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'I didn't do it at rehearsal': Shane Gillis explains how he got his hilarious uncensored SNL monologue to air
Photo by: Will Heath/NBC via Getty Images

'I didn't do it at rehearsal': Shane Gillis explains how he got his hilarious uncensored SNL monologue to air

Comedian Shane Gillis explained that the only reason he was allowed to perform his allegedly offensive monologue was a combination of omitting certain words and keeping his content close to his chest.

Gillis' 2024 return to "Saturday Night Live" after being fired in 2019 was met by an incredible outpouring of praise and support. The appearance was immediately followed by Netflix picking up his self-funded sitcom.

The comedian's monologue was not well received by all, however. For example, radio host Dean Obeidallah said that Gillis' jokes "ridicule vulnerable communities," calling him racist and offensive and claiming that he operates in a "world of bigotry."

Gillis made a post-"Saturday Night Live" appearance on the "LOS Podcast," hosted by popular comedians Jay Oakerson, Luis Gomez, and Dave Smith.

Gomez asked Gillis about his monologue and whether the NBC powers that be knew that he was going to use words typically forbidden on network TV.

"Did they know you were going to say 'gay' and 'retarded' in the monologue? They had to, right? They knew it [and] said do what you're going to?"

"No, I didn't do it at rehearsal," Gillis explained. "There was a lot! There was like 'nobody's ever worn a T-shirt, you can't wear a T-shirt, you got to wear a jacket,'" Gillis recalled being told.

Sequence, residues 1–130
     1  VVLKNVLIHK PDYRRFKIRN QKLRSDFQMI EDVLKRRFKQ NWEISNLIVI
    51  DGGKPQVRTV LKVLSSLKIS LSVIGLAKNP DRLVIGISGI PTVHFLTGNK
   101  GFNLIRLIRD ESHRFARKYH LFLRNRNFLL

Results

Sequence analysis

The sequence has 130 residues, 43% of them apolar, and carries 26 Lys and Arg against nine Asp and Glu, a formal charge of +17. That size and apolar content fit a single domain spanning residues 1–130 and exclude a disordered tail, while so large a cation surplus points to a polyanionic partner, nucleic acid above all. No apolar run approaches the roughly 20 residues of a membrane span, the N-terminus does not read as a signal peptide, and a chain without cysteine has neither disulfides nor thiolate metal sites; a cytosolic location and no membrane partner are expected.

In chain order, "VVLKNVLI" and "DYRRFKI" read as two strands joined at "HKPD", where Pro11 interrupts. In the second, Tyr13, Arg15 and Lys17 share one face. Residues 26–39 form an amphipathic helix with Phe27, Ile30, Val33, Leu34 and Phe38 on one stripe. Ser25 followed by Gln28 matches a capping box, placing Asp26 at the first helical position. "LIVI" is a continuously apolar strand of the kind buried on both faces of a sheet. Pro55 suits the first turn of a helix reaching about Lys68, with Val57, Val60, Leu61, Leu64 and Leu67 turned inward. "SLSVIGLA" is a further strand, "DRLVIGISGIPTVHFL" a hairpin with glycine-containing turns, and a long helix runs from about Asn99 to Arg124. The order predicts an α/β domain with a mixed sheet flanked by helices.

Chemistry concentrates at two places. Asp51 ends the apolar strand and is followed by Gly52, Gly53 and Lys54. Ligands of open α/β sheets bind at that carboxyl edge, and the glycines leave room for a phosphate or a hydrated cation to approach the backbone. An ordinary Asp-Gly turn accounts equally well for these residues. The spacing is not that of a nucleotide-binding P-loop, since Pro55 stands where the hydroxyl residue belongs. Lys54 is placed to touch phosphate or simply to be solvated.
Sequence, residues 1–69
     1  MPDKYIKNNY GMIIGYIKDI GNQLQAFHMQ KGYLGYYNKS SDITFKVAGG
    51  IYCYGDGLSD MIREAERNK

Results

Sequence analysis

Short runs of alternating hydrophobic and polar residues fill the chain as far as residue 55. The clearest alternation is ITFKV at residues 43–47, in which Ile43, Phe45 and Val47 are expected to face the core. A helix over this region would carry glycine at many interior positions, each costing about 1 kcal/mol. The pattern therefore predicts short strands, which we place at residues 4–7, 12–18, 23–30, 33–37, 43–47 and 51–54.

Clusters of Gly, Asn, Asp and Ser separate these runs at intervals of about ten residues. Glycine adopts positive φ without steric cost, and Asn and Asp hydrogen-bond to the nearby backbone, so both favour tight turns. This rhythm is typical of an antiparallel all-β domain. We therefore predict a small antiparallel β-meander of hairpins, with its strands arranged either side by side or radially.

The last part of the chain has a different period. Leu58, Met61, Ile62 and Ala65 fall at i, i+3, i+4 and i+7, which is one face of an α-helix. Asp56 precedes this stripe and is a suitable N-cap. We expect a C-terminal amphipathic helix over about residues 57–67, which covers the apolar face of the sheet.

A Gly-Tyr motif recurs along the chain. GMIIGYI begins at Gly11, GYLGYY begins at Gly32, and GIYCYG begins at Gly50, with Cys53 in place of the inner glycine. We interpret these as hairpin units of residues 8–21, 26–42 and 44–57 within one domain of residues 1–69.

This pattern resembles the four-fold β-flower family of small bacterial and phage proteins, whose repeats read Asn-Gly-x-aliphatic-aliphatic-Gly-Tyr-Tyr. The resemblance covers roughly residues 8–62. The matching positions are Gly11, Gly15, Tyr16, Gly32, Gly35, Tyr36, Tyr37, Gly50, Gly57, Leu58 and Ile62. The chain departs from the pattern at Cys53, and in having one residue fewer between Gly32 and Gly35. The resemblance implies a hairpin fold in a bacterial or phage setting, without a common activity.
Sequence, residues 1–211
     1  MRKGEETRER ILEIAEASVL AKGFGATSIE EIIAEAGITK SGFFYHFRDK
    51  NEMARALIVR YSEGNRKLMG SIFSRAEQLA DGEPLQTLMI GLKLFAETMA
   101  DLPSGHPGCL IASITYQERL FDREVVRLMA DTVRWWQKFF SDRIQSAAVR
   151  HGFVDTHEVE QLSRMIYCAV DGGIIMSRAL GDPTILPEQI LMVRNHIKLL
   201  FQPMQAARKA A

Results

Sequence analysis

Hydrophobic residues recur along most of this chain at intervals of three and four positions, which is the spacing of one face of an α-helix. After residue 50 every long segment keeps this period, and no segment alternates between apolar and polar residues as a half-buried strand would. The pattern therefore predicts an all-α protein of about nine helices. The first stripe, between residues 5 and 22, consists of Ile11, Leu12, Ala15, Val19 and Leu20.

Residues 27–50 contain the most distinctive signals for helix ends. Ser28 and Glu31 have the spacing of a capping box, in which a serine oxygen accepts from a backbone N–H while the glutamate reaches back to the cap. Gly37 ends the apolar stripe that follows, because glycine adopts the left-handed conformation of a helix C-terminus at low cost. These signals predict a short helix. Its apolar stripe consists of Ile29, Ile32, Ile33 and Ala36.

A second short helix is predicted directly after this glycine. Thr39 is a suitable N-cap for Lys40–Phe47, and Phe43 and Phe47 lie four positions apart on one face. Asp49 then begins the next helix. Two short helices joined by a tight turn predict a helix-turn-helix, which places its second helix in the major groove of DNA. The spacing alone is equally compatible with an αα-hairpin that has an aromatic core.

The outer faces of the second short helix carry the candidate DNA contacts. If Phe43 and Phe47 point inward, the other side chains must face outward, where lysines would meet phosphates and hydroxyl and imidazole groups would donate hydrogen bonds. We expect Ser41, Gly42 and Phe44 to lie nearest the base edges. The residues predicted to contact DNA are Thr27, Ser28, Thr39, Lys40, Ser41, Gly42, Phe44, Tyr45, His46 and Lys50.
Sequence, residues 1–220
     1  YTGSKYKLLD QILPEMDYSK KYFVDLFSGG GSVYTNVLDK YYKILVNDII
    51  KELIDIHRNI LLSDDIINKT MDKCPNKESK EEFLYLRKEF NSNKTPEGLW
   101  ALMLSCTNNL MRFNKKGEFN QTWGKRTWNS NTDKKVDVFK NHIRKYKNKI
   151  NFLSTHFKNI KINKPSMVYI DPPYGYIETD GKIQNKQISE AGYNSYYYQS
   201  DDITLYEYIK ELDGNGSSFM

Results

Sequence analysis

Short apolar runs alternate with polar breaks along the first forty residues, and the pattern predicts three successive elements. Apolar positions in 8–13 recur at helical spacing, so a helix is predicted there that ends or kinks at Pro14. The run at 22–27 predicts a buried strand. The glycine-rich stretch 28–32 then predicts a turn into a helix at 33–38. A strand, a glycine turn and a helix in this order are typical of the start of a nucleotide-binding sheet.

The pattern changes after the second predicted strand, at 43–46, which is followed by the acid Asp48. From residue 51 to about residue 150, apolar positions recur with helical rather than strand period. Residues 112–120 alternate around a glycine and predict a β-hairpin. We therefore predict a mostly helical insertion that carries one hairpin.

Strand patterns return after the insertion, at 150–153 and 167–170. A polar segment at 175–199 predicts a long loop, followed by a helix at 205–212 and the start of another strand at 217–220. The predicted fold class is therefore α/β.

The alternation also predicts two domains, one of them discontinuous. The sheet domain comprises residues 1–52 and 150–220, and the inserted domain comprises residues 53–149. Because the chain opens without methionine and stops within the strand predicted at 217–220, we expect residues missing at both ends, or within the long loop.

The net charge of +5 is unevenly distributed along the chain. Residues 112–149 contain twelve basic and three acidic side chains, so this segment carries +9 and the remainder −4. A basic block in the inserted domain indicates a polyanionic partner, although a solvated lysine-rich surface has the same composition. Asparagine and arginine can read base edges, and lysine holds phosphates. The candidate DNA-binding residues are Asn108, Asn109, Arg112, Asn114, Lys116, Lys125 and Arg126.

"I was like 'I'll wear a watch with it,' they like 'fine,'" he added.

"They didn't know you were going to say gay and ... did they say anything afterwards?" Gomez continued to ask.

"Some people knew. I told the right people," Gillis revealed.

After he was asked if executive producer Lorne Michaels — the man who inspired the character Dr. Evil — knew about the particulars of the jokes, Gillis said "no," with a coy wink.

Gillis further explained, however, that when he tried to reveal the content of his jokes to Michaels, the producer said he didn't want to know.

"He was very supportive, 'cause I kept telling him what I was going to say and he was literally just like 'don't tell me, just do it.' 'Cause he doesn't want to have, I'm sure he didn't want to have any —"

"He wants no accountability?" Gomez interjected as he laughed.

"He was like 'you're here, I trust you,'" Gillis concluded.

Gillis told jokes on the NBC sketch-comedy show about how he has many people with Down syndrome in his family. He then used the word "retarded" in a joke about how it would be a great moment for the country if three black children defended his young niece (who has Down syndrome) after she was insulted by a white child.

Despite apparent offense being taken by some media critics, actor Chris Burke came out in defense of Gillis.

Burke appeared on the TV show "Life Goes On" from 1989 to 1993 as the first actor with Down syndrome to star in a TV series.

TMZ reported that Burke said it would be more offensive for comedians to exclude people with Down syndrome from jokes. He also noted that it didn't seem like Gillis was making jokes out of ignorance.

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Andrew Chapados

Andrew Chapados

Andrew Chapados is a writer focusing on sports, culture, entertainment, gaming, and U.S. politics. The podcaster and former radio-broadcaster also served in the Canadian Armed Forces, which he confirms actually does exist.

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